Seconds Out: Cooke has the recipe for future success says Dee Walsh

Neil Loughran

GLEANN coach Dee Walsh believes exciting prospect Jordie Cooke can go far in the fight game after bringing home a bronze medal from the European Schools’ Championships.

The 6”4 14-year-old came up trumps at the Irish junior cadets back in June to secure his spot on the team bound for Turkey, producing polished performances to land a medal on his first major international outing.

Walsh has been working with Cooke – who boxes at 90kg - for the past four years, and has seen at first hand the strides the towering teenager has made. This, he insists, is only the beginning for a young man with plenty of promise.

“Jordie originally came to me to do one-to-ones, once a week, every Saturday at 7am,” said Walsh, a talented amateur in his own pomp who ended his professional career unbeaten.

“At that stage he was probably above average in terms of height, then during the first lockdown he really sprung up. But I always had belief in him, I always knew he was going to be brilliant.

“Even if Jordie wasn’t 6”4, he’s pretty skilled and pretty good at the things I want him to do. When he came to Gleann, after that we were working together every day and things really kicked on from there.

“His jab’s got a lot better, his check hook’s got a lot better, it’s really hard to hit him – as time goes on he’s getting hit less and less.

“Jordie knows nothing but boxing, this is his routine, to train in the morning and then some nights… he’s used to always training. Hopefully that type of attitude will stand by him, and he has a good family foundation behind him too.

“Everyone’s always pushing him.”

Walsh kept a close eye on proceedings in Turkey, and felt his protégé got a raw deal from the judges in his semi-final showdown with Latvia’s Emils Salm.

“I thought he won the first round, but somehow one of the judges scored it 10-8 against him. Stuff like that is hard to take.

“He had an even better second round, started throwing more right hands and landing, but because he was behind on three judges’ cards going into the third, he went out and tried to go for it in the last and he was wrecked.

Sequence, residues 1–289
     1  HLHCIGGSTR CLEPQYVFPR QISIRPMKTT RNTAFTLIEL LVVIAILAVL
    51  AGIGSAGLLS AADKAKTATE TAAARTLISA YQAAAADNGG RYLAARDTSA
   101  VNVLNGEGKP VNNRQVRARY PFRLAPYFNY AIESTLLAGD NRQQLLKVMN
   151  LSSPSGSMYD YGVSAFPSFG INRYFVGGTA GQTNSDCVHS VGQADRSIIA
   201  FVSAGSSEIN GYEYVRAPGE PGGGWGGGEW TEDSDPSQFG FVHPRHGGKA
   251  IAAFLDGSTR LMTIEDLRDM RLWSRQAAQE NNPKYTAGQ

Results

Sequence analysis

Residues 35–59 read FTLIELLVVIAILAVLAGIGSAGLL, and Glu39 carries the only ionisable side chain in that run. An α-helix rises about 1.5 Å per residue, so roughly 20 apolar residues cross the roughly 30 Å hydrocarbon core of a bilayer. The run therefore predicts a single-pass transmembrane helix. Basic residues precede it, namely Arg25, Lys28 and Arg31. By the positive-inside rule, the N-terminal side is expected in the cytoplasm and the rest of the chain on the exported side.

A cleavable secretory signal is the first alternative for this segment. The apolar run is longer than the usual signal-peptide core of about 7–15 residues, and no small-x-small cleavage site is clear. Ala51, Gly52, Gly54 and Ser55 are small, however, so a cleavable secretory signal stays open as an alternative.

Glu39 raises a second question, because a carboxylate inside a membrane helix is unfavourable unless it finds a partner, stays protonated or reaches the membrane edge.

“If the scoring had been as it should have been, he wouldn’t have come out with that approach. But winning isn’t the be all and end all now – this is all experience for him, and he has the talent to go far.”

The Irish team ended up third in the schoolboy medals table, and fourth in the schoolgirl placings after landing a total haul of 14 medals in Turkey - including golds for Elma Barry, Christian Doyle and Brandon Geoghegan.

Ellen Winnie Joyce, Carley O’Herron, Lauren Doherty-Crinnion, Alanna O’Brien and Jamesie Casey all claimed silver, with Cooke, Abbey Molloy, Chloe Louise Poleon, Daniel Joyce, Broderick Adbuire and Richard Daniel Kiely all taking bronze.


Flyweight Jack Harkin, from the Oakleaf club in Derry, recently took the Irish youth title in Dublin to put himself in the selection frame for the World Championships in Alicante in November. It was Harkin's third tough contest at the championships, having previously overcome Olympic, Mullingar's Carson Hanlon and Adam McKenna (Holy Family, Drogheda) before defeating Avona’s reigning U18 champion Aston Ruth in the decider. Harkin, who is pictured with coaches Eugene O’Kane jr and Raymond Rogan, joins club-mate Adam McIvor as Irish champion so far in 2022 and hopes to follow in the footsteps of former Oakleaf stars like Brett McGinty. The club celebrates its 30th anniversary later this year, continuing to go from strength to strength, with work due to begin shortly on new clubrooms